What Kind of Training Do You Need to Become a Freelancer?


Would-be freelancers often wonder how to get started. A common question that many of them ask is:

What kind of training is needed to become a freelancer?

If you’ve wondered this yourself, then this post is for you. I’ll examine whether freelancers need to have a college degree or specialized training. I’ll also discuss whether a freelancer can teach themselves the necessary skills and list three online training resources.

Do You Need a College Degree?

You may wonder whether you need a college degree before you can start freelancing.

The answer is that it’s not needed, but if you do have a degree it can help set you apart from other freelancers.

The fact is that there are many successful freelancers who don’t have a college degree. Some successful freelancers start during their teen years. A prime example of a teenage freelance success is Onibalusi Bamidele, whose inspirational story, How a Teenager From Nigeria Built a Five Figure Freelance Writing Business, is documented by Agota Bialobzeskyte on Freelance Switch. (By the way, I’m proud to say that Freelance Folder published one of Onibalusi’s guest posts.)

Here’s a look at the degree question from both perspectives:

  • No Degree. If you don’t have a degree, don’t panic. You may still be able to freelance if you have a marketable skill. You will need to network and create a portfolio full of excellent examples of your work.
  • Have Degree. Your degree isn’t wasted. You still need a strong network and an excellent portfolio, but you should also mention your degree. Depending on your major, your degree may enable you to specialize and charge a higher rate for your services.

While a degree is a quantifiable record of your achievement, it is not the only such record.

Do You Need Specialized Training?

What about certifications and other specialized training courses? Do you need these to freelance?

The answer is…maybe. It depends on your field.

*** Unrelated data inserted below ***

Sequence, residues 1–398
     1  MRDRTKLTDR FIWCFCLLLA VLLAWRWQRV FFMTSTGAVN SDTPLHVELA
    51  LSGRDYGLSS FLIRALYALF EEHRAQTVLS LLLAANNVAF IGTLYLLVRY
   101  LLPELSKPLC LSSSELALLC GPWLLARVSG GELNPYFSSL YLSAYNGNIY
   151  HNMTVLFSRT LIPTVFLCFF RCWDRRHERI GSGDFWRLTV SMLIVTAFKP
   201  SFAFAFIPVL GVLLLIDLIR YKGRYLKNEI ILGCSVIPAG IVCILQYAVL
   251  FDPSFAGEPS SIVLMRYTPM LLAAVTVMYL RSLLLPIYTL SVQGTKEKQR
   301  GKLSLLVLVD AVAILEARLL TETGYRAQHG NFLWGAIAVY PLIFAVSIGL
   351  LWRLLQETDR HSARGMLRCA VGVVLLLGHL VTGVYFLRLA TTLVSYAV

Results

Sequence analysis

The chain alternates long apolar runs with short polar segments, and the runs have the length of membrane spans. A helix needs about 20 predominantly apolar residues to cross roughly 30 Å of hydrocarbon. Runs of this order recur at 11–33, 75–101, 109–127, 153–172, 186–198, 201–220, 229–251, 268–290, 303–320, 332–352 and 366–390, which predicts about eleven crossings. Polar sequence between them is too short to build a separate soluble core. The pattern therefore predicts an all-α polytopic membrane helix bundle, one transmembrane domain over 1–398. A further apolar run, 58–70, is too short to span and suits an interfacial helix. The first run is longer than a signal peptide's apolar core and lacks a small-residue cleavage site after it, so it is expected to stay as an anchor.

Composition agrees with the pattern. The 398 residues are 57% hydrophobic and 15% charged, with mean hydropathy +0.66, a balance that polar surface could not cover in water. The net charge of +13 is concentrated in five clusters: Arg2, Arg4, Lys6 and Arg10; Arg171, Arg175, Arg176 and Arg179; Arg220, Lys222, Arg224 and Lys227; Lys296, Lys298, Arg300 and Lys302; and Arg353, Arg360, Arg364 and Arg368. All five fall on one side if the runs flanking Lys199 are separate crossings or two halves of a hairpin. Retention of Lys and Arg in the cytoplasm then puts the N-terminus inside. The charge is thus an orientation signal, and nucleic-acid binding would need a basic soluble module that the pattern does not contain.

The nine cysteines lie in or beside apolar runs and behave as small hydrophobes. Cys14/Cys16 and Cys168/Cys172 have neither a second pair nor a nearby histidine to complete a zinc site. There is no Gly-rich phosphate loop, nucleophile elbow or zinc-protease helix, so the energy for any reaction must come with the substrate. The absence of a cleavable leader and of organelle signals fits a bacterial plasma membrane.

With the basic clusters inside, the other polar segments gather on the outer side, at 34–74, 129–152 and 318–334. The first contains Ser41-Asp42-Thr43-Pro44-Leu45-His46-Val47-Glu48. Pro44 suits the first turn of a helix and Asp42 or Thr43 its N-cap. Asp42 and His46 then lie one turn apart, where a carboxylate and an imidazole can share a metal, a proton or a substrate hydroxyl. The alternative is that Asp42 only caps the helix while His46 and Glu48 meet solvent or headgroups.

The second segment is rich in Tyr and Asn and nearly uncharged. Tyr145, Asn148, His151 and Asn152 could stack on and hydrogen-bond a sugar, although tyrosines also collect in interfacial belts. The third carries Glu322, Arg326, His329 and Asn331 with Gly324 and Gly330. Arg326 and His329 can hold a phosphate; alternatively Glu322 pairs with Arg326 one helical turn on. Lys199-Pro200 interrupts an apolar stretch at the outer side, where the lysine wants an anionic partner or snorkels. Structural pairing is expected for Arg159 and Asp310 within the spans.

Some fields have certification programs or special tests. Programming is one such field. Accounting is another.

In these fields, a certification may be required if you want to work in a particular specialty. For example, you can’t call yourself a CPA (Certified Public Accounting) unless you’ve passed the CPA Exam.

For other fields specialized training may give you a marketing advantage (especially now that LinkedIn lists courses taken), but it is not necessarily a requirement before you can become a freelancer.

If you think that your desired freelancing field may require a certification, research the occupation carefully before you decide to plunge into freelancing.

On The Job Training

If you have actual work experience through a traditional employer, this can give you a head start when you do become a freelancer. In many cases, there’s nothing like doing actual work in your field to prepare you for freelancing.

To make the most of your on the job training, with an eye to freelancing, you need to start while you are still employed. Observe everything that you can about the business. If you can, pay attention to more than the tasks you are assigned. Notice how the business is being run.

You may even be able to start freelancing part-time while you are still employed. First, check to make sure that you are not violating any non-compete clause in your employment agreement.

Can You Teach Yourself?